Sundar Pichai, the chief executive of Alphabet and Google, has reiterated his stance on the need for regulation of artificial intelligence technologies, in an op-ed published in The Financial Times. Stating the importance of regulating a technology as widespread and powerful as AI, Pichai brought up Google’s AI principles published in 2018, and stated that the technology makers now need to work with policymakers to realise the full potential of technologies such as AI, and develop them to their true abilities.
In recent times, the use of AI has, as with most powerful innovation, seen considerable usage in non-ideal situations. It is this that warrants cross-sector and cross-industry collaboration, writes Pichai. He states, “(The) history is full of examples of how technology’s virtues aren’t guaranteed. These lessons teach us that we need to be clear-eyed about what could go wrong. There are real concerns about the potential negative consequences of AI, from deepfakes to repressive uses of facial recognition. While there is already some work being done to address these concerns, there will inevitably be more challenges ahead that no one company or industry can solve alone.”
Pichai described the use of Google’s AI tools in critical sectors, taking examples from healthcare (usage of AI by doctors in early detection of breast cancer symptoms), climate change (use of AI to pre-detect weather anomalies) and travel (use of AI to reduce flight delays). He further touched upon how Google uses its new AI tools to see their compliance with their own AI principles, stating, “Principles that remain on paper are meaningless. So we’ve also developed tools to put them into action, such as testing AI decisions for fairness and conducting independent human-rights assessments of new products. We have gone even further and made these tools and related open-source code widely available, which will empower others to use AI for good. We believe that any company developing new AI tools should also adopt guiding principles and rigorous review processes.”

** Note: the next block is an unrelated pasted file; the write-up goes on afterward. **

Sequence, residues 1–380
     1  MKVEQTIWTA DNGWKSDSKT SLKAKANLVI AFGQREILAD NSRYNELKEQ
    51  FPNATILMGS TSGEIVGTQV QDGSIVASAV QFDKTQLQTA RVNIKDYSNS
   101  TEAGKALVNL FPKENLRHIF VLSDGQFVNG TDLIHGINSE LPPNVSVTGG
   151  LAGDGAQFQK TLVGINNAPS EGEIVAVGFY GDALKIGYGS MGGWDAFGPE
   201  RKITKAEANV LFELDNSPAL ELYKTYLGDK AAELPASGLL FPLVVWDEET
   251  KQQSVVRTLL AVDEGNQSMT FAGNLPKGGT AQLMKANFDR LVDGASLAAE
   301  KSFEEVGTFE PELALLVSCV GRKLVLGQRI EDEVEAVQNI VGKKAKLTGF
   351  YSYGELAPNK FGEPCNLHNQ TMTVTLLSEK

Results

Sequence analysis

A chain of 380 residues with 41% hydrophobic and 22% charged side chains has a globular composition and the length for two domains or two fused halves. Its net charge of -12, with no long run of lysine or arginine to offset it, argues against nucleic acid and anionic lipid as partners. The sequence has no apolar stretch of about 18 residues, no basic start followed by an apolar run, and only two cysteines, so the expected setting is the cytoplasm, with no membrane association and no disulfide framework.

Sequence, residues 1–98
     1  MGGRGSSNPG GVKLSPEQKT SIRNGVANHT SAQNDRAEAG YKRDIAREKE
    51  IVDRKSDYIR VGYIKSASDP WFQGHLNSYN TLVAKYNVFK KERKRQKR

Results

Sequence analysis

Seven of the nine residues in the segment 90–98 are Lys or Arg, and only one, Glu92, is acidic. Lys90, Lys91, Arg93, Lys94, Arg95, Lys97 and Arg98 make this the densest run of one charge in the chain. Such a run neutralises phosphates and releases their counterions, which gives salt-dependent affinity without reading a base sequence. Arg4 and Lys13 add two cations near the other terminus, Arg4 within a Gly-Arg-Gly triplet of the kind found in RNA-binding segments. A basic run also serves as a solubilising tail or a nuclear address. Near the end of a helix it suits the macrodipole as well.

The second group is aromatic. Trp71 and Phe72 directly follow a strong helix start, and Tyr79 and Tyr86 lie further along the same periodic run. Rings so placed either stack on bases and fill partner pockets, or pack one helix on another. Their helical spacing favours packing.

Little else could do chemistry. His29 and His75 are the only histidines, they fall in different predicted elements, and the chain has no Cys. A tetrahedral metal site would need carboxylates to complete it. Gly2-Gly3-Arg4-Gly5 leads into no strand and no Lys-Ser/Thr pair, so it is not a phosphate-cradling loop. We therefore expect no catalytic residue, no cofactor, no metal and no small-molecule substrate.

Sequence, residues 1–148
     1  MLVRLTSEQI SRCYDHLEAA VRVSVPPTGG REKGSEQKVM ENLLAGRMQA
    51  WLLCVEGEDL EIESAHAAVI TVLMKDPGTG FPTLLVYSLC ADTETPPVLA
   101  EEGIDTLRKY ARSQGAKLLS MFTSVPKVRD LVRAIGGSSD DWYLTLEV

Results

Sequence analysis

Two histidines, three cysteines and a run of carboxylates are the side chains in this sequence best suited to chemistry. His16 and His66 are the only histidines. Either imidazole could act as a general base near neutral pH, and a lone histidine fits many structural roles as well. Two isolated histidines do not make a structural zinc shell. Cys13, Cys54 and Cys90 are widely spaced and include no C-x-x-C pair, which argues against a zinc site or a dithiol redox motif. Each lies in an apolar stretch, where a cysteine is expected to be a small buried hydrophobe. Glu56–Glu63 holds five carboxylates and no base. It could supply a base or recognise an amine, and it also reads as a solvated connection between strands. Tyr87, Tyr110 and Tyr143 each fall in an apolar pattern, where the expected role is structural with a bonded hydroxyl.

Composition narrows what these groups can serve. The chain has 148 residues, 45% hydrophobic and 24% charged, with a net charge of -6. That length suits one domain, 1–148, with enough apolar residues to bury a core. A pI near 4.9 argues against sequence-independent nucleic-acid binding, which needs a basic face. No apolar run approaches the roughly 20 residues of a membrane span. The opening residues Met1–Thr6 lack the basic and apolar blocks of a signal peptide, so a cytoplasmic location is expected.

However, many have, over time, criticised Google’s principles for not being transparent enough, and even for their stance on accountability of their own technologies. While Pichai speaks in the op-ed about testing his company’s technologies, many have stated that Google needs to be more accountable in how their technology works, and just self-regulatory principles do not make the cut. For instance, Google’s recent work on using AI to detect deepfakes on the web only builds a database that can be tallied to detect the problem, but does not provide preventive measures to curb its spread, beyond the scope of this database. While arguments regarding infrastructural limitations will remain, a company of Google’s magnitude and technological prowess have time and again faced the criticism of not doing enough on the final third.
It is this that brings light to Pichai’s push for government regulations, and building uniform international regulations. Official regulations, as seen often, typically develops at a far slower pace in comparison to technologies such as AI, which has progressed at a staggering speed. As a result, it is questionable as to how far can the idea of uniform government regulations across the world in terms of ethical and legal implementation of AI across sectors can be framed. Rather, while framing such regulations is technically possible, it is too difficult to establish such regulations within a short span of time, bringing the onus of self-regulation and transparency back to tech giants such as Google.
“AI has the potential to improve billions of lives, and the biggest risk may be failing to do so,” says Pichai in the FT op-ed. While pretty much everyone will agree to it, what remains to be answered is how much of that would depend on the responsibility that lies of Google’s (and others’) own shoulders.